A special anti-graft court on Saturday rejected a petition by jailed former Philippines president Joseph Estrada for house arrest and ordered his return to a detention center in a police camp.
The anti-graft court said there was no basis in the constitution, in law or the rules of court to allow Estrada, who is facing charges of massive corruption, to be held under house arrest.
President Gloria Arroyo’s spokesman, Rigoberto Tiglao, said the government respected the order of the anti-graft court, but said Estrada’s poor health could enable him to stay in hospital.
“Mr. Estrada’s medical health, both physical and psychological, would require him to stay (at the military hospital) just to ensure that immediate medical assistance is available,” Tiglao said.
However the court was unambiguous in its declaration Estrada should not receive any favors.
“A preventive detainee cannot be granted special treatment, over and above other preventive detainees, cannot be given house arrest, simply because he is a former president,” the court read.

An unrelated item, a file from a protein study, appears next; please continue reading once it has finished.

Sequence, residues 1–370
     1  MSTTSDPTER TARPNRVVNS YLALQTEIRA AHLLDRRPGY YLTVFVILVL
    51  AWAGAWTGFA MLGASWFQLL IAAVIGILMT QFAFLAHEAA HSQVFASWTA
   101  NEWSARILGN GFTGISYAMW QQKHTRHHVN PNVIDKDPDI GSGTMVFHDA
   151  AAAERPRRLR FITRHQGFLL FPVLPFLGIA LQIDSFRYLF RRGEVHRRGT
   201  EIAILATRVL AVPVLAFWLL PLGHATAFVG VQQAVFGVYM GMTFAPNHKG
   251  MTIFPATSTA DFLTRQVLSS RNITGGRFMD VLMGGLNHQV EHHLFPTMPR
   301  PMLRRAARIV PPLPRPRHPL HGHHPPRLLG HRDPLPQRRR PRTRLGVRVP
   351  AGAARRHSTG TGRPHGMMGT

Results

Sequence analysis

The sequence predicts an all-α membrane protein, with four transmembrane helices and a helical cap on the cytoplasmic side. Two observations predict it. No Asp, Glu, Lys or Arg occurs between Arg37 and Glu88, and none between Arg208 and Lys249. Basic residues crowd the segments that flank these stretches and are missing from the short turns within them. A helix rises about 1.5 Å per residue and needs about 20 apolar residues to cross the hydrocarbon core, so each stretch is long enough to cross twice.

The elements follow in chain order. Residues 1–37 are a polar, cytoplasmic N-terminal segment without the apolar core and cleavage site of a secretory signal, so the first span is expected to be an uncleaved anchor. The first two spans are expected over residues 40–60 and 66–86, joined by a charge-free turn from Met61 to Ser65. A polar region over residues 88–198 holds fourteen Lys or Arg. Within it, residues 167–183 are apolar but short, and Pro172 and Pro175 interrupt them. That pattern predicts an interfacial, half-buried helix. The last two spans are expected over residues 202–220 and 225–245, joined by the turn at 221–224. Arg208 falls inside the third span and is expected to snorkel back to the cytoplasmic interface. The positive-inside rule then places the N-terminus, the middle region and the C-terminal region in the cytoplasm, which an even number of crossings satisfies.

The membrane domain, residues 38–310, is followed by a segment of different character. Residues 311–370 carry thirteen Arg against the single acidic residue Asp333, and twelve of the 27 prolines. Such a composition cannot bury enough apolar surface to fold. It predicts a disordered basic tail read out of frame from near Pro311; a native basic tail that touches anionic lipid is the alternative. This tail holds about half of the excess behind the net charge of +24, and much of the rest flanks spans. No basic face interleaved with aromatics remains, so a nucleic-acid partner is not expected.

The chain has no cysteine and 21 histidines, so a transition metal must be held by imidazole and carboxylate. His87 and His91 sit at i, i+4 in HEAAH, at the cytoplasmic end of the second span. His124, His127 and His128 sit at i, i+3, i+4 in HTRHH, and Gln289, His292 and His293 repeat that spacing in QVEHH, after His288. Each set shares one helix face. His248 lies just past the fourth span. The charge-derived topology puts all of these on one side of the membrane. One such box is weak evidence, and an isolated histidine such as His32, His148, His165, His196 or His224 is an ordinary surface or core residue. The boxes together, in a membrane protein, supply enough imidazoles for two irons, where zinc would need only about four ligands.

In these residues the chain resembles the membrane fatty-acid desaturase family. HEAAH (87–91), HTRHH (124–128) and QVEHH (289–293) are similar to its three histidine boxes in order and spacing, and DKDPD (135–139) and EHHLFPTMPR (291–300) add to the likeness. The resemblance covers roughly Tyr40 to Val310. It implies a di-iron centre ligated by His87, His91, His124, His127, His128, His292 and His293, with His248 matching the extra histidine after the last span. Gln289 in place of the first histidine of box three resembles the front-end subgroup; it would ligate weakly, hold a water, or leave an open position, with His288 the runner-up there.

In denying the petition by Estrada and his co-accused son, Jose Ejercito, the court cited the violent attempt by a crowd of his supporters to prevent his arrest in April and the riot they staged at the presidential palace on May 1 in a bid to re-install him.
The court said that allowing Estrada and his son, a town mayor, to be detained in their mansion in an upper-class, gated community would be “inimical to the national interest, destroys the tranquillity of the neighborhood (and) an invitation to greater disturbance.”
The court, which is due to begin arraignment proceedings of Estrada on corruption charges on June 27, even cited the fear that his supporters would dig a tunnel to his house to spirit him out.
“One morning everyone wakes up to find the detainees gone,” the court said.
Estrada’s lawyer, Raymond Fortun, said they had not yet received a copy of the order and would not comment until they had studied it thoroughly.
Estrada, a former top movie star, was toppled by a popular uprising in January following corruption allegations that eventually resulted in his jailing.
He retains a large following among the poor.
The ousted leader faces charges of stealing about US$80 million through bribes and embezzlement and could theoretically face the death penalty.
He and his son were earlier detained in a bungalow in a police camp outside Manila but were later transferred to a military hospital in the suburbs for a medical check-up.
The anti-graft court ordered the attending physicians to submit a report to them within 10 days, stating whether Estrada needed to remain in the hospital.